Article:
But there are chilling similarities that every American will recognize in this story and that every American needs to see. We must never forget January 6th, 2021, the five people who were killed, and the dozens who were injured and harmed, and we must resist the temptation to naïvely and complacently believe that such an egregious act could never happen again.

Moreover, as ordinary citizens, we must be vigilant against any duplicitous measures that seek to deny facts, distort truth, and chip away at democratic norms, systems, and laws. 

How?

  • By engaging in the very democracy that has been so hard-won and hard-kept. 
  • By exercising the very rights that so many have fought and died for. 
  • By remembering the demos in democracy: the people
  • And by rejecting cynicism and divisiveness. 

This isn’t someone else’s task. It’s ours. It’s mine. It’s yours.

Vote.

Get involved.

Know your representatives — not just federally but regionally and locally.

Visit your local town or city hall. Or your state or federal Capitol. (That’s David and I on a recent visit to our state Capitol in Sacramento!) 

Financially contribute to candidates you believe in.

Volunteer.

Use your voice.

Know history.

Get up, show up, and speak up.

Meet duplicity with honesty, stupidity with wisdom, ignorance with truth, and cruelty with kindness.

And watch The Battle of Chile

The amount of footage and the breadth and depth of the storytelling are enough to justify the high esteem with which it is still regarded 50 years later.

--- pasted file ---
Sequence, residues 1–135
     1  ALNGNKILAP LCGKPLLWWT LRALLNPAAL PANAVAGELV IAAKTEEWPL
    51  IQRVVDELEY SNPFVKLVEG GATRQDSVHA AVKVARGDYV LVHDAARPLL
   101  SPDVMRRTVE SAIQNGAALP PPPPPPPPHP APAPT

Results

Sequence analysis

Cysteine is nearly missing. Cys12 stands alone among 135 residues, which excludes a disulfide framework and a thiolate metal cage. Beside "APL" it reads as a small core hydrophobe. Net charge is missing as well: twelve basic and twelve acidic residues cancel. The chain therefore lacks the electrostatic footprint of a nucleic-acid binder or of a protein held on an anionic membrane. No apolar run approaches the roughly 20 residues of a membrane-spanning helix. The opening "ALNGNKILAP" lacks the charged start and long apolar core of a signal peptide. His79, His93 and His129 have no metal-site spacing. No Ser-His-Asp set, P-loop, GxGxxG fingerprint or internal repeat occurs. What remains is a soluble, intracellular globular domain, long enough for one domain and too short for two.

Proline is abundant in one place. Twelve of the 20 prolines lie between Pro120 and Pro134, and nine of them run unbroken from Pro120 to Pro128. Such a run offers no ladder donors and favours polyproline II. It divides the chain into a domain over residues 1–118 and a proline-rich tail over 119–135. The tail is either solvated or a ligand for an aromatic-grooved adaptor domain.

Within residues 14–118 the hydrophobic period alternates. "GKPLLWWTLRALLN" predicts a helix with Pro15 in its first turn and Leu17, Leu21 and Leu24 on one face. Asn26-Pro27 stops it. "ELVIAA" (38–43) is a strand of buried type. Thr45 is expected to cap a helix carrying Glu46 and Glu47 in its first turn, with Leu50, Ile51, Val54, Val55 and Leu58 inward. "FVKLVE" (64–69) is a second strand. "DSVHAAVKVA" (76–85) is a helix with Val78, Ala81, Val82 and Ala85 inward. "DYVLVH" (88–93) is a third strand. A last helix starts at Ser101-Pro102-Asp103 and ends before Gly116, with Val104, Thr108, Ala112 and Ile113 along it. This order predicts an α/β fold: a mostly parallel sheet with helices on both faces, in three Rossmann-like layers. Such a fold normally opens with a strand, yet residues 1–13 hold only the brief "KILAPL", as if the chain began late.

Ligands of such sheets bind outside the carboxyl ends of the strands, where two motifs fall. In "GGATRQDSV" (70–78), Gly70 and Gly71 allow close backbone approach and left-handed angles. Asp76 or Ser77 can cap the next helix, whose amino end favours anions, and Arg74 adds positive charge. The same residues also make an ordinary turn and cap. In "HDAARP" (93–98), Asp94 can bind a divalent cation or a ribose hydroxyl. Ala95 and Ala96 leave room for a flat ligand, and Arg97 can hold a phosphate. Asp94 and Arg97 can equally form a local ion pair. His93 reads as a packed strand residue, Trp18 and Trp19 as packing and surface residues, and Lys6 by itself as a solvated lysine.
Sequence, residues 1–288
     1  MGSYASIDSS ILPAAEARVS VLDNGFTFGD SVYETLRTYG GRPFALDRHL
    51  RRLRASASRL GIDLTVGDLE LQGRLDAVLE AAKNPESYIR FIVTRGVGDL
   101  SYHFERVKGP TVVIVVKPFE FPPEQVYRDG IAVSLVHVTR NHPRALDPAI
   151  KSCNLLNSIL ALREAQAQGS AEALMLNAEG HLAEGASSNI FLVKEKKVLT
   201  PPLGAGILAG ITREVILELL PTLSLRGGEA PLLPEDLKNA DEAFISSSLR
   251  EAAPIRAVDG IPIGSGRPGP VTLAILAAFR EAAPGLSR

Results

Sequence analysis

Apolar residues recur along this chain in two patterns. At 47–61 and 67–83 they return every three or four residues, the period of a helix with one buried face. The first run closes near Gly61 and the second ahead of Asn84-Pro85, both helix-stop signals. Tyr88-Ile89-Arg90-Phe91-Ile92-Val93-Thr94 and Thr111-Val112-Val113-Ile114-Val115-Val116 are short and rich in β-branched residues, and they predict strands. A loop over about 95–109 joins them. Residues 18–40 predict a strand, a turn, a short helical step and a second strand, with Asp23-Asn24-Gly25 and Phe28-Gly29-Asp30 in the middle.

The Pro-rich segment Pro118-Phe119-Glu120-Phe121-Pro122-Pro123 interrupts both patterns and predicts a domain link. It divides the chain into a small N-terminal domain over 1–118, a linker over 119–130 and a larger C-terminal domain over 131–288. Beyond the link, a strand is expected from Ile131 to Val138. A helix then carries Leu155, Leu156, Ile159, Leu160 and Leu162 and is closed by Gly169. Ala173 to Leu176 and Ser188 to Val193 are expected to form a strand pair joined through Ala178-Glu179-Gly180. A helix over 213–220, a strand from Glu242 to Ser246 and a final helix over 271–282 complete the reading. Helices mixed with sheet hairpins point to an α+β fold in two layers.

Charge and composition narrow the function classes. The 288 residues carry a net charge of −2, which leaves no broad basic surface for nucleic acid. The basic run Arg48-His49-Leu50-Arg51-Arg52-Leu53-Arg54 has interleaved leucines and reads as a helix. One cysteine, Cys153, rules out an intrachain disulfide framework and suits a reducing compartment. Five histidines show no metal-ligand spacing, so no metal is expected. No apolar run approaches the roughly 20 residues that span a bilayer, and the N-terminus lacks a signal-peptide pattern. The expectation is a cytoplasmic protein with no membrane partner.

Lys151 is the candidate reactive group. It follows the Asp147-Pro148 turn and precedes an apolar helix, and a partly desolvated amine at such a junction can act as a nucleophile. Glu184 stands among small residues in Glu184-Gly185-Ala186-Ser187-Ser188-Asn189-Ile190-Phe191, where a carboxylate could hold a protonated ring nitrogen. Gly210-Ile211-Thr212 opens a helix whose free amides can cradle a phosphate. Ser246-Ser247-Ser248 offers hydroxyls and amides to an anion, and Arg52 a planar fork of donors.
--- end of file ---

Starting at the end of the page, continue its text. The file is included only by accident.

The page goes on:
FAQ

Each cooking class is fully interactive. While I am demonstrating, you can chime in with comments, questions, and ooohs and ahhhs the entire time. Not only does this increase connection among the students, both my assistant and I see your questions and make sure we answer all of them.
You can participate in the class using Zoom on your computer, tablet or mobile device.
Upon completing your registration, you receive your confirmation email, which includes the link to our Zoom class, along with information and recipes. Each class is officially a go once a minimum number of slots are filled — at which time the recipes appear on the document. My goal is to have the recipes available to you at least 5 days before the class to give you enough time to order / shop for ingredients, should you choose to cook along.
While I love to see the faces of my students, the use of video during the live class is optional. NOTE: Even if you opt to show your video, for the class recordings, which go out to the general public as on-demand classes, NO ONE'S video is shown except for mine.